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For Release: Wednesday, September 22, 2021

DEC Announces Public Comment Period on Consent Decree to Advance Navy-Grumman Plume Cleanup Plan

Community Residents and Stakeholders Encouraged to Comment on Agreement with Northrop Grumman

Comments Accepted through Oct. 22, 2021

New York State Department of Environmental Conservation (DEC) Commissioner Basil Seggos today announced the release for public comment of the proposed Consent Decree between DEC and Northrop Grumman. The proposal formalizes the agreement to clean up the groundwater plume associated with the Northrop Grumman Bethpage Facility and Naval Weapons Industrial Reserve Plant sites in the town of Oyster Bay in Bethpage, Nassau County. The Consent Decree requires Northrop Grumman to drill and operate wells to contain and clean up the groundwater plume and pay more than $60 million to DEC and affected water districts. The proposed Consent Decree also further protects the water districts by providing for their ability to bring additional claims to collect damages from Northrup Grumman and the U.S. Navy. Northrop Grumman and the U.S. Navy have been undertaking actions memorialized in the proposed Consent Decree, announced in December 2020.

Commissioner Seggos said, "Today's announcement advances DEC's ongoing efforts to hold these polluters accountable, contain the Navy-Grumman plume, and help make this community whole. Since last year, the U.S. Navy and Northrop Grumman have undertaken mitigation measures detailed in the Consent Decree, expediting the cleanup of the plume, and providing additional protections to nearby public water supply wells. In addition, the responsible parties have agreed to carefully monitor these efforts to make sure the plume is contained and ensure the continued, long-term effectiveness of the State's cleanup plan."

As detailed in the proposed Consent Decree, Northrop Grumman will be installing a network of extraction wells strategically placed to hydraulically contain and remediate the eastern half of the groundwater plume that primarily originated from an area referred to as the Former Grumman Settling Ponds. Northrop Grumman also agreed to a Natural Resource Damages settlement totaling more than $100 million in cash payments and actions to advance clean up, water supply, and aquifer protection projects in the area associated with the plume.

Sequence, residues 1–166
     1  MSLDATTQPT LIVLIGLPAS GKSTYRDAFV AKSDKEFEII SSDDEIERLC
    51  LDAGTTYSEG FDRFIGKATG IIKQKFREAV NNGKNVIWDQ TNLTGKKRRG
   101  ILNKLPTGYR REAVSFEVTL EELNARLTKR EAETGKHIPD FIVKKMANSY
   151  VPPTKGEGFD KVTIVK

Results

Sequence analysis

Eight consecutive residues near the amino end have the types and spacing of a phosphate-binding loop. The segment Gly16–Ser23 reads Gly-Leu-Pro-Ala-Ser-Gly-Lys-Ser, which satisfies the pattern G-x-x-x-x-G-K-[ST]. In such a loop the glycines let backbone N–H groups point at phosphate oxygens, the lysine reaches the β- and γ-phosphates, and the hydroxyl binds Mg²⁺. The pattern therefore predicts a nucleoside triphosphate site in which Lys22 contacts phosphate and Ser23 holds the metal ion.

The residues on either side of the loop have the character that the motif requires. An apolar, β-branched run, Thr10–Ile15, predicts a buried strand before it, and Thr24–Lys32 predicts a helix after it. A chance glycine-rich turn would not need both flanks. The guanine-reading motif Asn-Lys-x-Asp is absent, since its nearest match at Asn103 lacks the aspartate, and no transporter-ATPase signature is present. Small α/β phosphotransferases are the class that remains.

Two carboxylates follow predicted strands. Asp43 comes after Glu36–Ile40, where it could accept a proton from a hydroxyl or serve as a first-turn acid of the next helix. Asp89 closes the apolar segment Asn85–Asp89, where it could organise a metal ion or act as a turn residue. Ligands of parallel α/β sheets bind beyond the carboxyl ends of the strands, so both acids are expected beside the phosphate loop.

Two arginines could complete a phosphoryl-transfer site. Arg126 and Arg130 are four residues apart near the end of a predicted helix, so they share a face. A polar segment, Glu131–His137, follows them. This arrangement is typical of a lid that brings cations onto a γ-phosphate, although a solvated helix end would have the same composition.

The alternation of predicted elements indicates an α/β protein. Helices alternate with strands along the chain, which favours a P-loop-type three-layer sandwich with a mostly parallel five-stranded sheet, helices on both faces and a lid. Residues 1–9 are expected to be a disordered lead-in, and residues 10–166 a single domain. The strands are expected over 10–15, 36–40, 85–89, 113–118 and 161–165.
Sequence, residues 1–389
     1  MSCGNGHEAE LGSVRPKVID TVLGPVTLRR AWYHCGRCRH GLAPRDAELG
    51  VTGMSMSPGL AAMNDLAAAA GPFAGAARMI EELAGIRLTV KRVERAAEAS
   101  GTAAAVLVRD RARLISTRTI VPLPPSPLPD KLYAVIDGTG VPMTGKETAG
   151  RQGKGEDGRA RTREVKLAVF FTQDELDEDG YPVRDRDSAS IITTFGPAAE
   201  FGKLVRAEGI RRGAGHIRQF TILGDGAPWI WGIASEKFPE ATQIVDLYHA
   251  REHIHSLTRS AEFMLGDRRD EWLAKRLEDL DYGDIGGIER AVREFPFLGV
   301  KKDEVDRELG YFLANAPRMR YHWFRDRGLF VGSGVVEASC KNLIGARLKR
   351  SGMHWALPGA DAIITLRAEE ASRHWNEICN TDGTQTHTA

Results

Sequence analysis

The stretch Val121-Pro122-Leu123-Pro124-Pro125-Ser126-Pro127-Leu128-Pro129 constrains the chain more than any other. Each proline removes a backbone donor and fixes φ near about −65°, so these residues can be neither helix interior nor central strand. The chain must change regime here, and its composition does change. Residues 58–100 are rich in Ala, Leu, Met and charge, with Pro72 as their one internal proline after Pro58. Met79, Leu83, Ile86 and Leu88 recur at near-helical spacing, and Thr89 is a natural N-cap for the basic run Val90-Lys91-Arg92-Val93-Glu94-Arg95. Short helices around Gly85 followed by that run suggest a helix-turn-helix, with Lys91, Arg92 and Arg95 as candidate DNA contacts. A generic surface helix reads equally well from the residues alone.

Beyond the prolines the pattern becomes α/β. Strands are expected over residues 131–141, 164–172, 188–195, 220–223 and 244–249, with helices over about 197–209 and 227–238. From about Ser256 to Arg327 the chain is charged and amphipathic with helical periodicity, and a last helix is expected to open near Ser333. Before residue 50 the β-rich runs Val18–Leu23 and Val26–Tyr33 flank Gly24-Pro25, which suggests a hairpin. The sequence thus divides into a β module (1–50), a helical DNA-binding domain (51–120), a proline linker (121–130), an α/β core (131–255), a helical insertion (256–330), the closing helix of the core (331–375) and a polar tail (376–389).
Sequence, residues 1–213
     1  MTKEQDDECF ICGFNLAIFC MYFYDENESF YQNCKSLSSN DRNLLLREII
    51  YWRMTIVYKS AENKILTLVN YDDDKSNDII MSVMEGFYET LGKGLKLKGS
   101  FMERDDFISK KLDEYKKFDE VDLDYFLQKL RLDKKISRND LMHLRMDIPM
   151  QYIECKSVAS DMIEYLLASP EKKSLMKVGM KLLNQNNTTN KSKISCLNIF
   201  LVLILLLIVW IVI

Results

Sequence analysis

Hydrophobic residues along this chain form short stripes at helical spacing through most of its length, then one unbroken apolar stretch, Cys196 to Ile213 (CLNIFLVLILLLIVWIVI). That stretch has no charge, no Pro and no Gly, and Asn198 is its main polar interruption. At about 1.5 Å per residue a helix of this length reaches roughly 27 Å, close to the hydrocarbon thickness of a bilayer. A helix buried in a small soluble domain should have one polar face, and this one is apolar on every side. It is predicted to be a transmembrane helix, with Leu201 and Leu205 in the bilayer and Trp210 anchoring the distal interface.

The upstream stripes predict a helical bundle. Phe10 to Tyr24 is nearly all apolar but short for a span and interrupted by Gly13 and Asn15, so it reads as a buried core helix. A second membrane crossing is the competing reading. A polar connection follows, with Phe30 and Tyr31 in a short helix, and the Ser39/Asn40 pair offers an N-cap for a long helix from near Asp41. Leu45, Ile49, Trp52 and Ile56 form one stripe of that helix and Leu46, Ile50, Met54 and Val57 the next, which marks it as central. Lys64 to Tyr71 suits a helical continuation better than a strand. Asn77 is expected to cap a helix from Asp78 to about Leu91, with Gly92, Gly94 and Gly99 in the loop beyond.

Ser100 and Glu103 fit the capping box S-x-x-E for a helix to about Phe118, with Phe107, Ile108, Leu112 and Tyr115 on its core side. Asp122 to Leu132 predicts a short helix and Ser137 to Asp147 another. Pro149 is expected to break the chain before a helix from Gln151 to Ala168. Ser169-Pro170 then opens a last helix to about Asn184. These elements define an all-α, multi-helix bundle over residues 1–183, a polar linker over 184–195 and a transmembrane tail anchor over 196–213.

Last December, Northrop Grumman committed to expediting certain work in advance of the finalization of the Consent Decree. DEC approved Grumman's initial work plan in July, including pre-design investigation, and plans for drilling vertical profile borings and installing monitoring wells to support the implementation of containment wells in the east-central portion of the plume. Work to install these wells will begin this fall. Northrop Grumman is currently installing underground conveyance piping and started site preparation for construction of a water treatment plant, as agreed to in a prior commitment to remediate the site.

In addition, the U.S. Navy, after negotiations with DEC, will implement elements of the comprehensive remedy in areas of the plume it is responsible for cleaning up. These actions are specifically designed to address the western half of the Navy-Grumman groundwater plume. The U.S. Navy will perform its obligations in accordance with an Explanation of Significant Differences (ESD), which was released for public review and comment in March 2021.

In April 2021, the U.S. Navy began work to install recovery wells at four locations along the leading edge of the plume and two recovery wells in the plume's interior. To further expedite cleanup of this area, the Navy is seeking access from Nassau County and designing an interim groundwater extraction system utilizing an existing recovery well. DEC approved the plan to design and construct this interim groundwater extraction and treatment system earlier this year, and the system is expected to be operating later in 2021.

DEC encourages the public to review and comment on the Consent Decree - available on DEC's website. The public can submit comments by mail to Andrew Guglielmi, Office of General Counsel, 625 Broadway, Albany, NY 12233, or by email to DEC is accepting comments until Oct. 22, 2021.

New York State has made protecting drinking water a top priority, appropriating $4 billion in clean water. Because Long Island relies on its sole source aquifer, the region has been a focus of the State's efforts, including more than $800 million in state and federal funds to repair and fortify the Bay Park wastewater treatment plant, in addition to diverting Bay Park sewage from the Western Bays to the Cedar Creek outfall, more than $10 million to restore shellfish once common to Long Island's waters in order to improve water quality, and a $6 million Long Island Groundwater Study, among other efforts.

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